With the invent of social networking, the pattern is starting to reverse itself. An artist can make the kind of music he/she wants with no outside influence. All they need is a hot beat, lyrics, and an ability to promote themselves.
I HATE to admit Soulja Boy is the spark and catalyst to this movement. Those of us who lived through the first decades of Hip Hop find this impossible to believe. We speak of Beastie Boys, Too Short, and Slick Rick and find it heartbreaking to add Soulja Boy.
I’m sure 70’s babies had squabbles with 80’s. 80’s babies had squabbles with 90’s and so forth. We don’t have to like it, but we must continue to support Hip Hop. At this stage in the game, the new genre hasn’t taken hold yet.
Will it be, “College Hip Hop”? Hip hop music that is open to new ideas, formats, and experiences. The experiment is already in progress. Kanye West and Lil Wayne creating Rap N Roll, Gospel Rap reaching into churches, and Hip Hop songs and dances gracing stage plays.
Or will it be, “High School Drop Out Hip Hop”? Hip hop music that refuses to look at itself in the mirror, so it emulates others around it. “My President’s black, My Lambo’s blue”, a love song that places a name ahead of true emotion, or beef songs because I can’t get my album to sell.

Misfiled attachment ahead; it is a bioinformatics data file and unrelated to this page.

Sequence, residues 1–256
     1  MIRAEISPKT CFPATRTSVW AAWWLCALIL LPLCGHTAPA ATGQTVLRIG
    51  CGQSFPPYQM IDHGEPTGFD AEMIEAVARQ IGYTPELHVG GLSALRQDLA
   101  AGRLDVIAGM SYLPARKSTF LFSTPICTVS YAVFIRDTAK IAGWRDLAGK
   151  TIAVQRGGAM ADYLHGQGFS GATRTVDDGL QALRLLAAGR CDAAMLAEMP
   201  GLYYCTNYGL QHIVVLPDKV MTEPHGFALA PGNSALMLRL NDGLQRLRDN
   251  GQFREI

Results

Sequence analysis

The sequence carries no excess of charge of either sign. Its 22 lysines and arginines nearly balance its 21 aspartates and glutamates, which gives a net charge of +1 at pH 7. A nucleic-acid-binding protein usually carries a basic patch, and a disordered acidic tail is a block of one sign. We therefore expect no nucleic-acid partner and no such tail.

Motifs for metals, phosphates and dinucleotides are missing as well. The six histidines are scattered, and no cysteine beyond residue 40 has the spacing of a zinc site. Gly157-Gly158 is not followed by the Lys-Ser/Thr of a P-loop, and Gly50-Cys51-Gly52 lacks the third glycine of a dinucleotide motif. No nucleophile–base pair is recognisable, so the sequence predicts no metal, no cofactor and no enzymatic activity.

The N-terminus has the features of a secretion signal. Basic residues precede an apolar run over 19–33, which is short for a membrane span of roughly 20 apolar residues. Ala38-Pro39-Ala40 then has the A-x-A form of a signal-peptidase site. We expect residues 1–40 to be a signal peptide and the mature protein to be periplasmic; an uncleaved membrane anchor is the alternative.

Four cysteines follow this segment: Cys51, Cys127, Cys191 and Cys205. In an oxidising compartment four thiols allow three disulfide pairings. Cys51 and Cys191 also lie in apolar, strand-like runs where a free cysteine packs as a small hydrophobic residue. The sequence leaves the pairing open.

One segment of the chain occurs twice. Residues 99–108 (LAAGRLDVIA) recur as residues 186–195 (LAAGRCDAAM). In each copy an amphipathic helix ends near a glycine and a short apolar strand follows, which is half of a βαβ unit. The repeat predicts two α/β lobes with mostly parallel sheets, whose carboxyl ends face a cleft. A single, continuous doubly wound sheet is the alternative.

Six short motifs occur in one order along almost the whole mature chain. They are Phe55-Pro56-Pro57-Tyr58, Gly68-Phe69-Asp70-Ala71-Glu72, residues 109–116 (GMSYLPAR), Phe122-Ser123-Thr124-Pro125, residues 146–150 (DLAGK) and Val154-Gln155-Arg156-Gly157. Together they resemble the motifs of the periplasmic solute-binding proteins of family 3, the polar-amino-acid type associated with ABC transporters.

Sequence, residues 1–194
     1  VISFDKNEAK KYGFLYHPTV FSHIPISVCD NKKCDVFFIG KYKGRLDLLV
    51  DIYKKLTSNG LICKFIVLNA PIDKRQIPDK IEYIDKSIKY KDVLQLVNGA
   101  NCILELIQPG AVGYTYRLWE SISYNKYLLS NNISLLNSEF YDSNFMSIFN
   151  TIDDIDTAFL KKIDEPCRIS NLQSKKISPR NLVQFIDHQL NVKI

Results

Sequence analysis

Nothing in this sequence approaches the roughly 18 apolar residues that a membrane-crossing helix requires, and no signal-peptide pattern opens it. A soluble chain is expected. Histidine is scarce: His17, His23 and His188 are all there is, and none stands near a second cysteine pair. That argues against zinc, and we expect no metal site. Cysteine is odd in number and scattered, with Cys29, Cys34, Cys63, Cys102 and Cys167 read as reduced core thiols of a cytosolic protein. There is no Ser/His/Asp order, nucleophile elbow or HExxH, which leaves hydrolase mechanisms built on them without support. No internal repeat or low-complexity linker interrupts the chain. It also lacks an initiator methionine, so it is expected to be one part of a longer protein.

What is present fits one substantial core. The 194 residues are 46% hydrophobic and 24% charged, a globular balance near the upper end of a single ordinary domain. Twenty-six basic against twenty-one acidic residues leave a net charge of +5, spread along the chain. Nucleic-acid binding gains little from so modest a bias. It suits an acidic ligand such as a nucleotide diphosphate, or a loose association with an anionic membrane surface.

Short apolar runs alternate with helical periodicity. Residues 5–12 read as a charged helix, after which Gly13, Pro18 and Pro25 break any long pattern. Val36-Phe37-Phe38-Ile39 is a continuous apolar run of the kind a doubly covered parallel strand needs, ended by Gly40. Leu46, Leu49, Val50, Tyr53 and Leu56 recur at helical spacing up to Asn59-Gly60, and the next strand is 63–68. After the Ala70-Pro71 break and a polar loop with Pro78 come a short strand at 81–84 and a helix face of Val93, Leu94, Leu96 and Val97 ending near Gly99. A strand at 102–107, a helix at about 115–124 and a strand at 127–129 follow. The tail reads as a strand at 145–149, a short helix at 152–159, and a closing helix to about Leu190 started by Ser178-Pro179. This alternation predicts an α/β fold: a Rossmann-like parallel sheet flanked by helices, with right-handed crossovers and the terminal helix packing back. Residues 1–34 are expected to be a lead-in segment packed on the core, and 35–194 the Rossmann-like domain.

The fight for the new generation of Hip Hop is underway. Either way the wind blows, looking back at the catalyst, should bring you great hope. Self made, still in high school, big dreams, passion, and most importantly success.
Enough success, that leaders in the game are calling you out. Enough success that bloggers, like myself, take time to write about you. Enough success, that laughing at the haters comes with ease. Enough success that one ridiculous song after another, gets infinite radio play. Enough success to make true lovers of Hip Hop question the direction of the music.
Do not fear Hip Hop fans. Rejoice. Hip Hop’s constant evolution and experimentation solidifies it’s longevity and importance in America’s culture. Hip Hop’s ability to set the tread in dance, clothing, and over all style proves the power of our generations’ creativity. Hip Hop’s power to create massive followings motivates this generations ability to capture a piece of the market.
Hip Hop has made a full circle. Now the money is starting to flow back into the hands of the people that actually make the music and though the industry is mad, consumers should be happy. Creativity will make it’s way back into the music.
But we have a very important role to play. We must seek out and support the artist that are moving the music forward. The young entrepreneurs that grew up in tough conditions and made it out. The young artist desperately trying to figure out who they are, through rhyme and reason. The young sister’s forcing their way towards a true level playing field in Hip Hop.
Soulja Boy may have been the catalyst, but we can help influence the finished product. Get on Myspace, Twitter, Facebook, and any other social sites and find the music, support the artist, and have your thumbprint of the next generation of Hip Hop.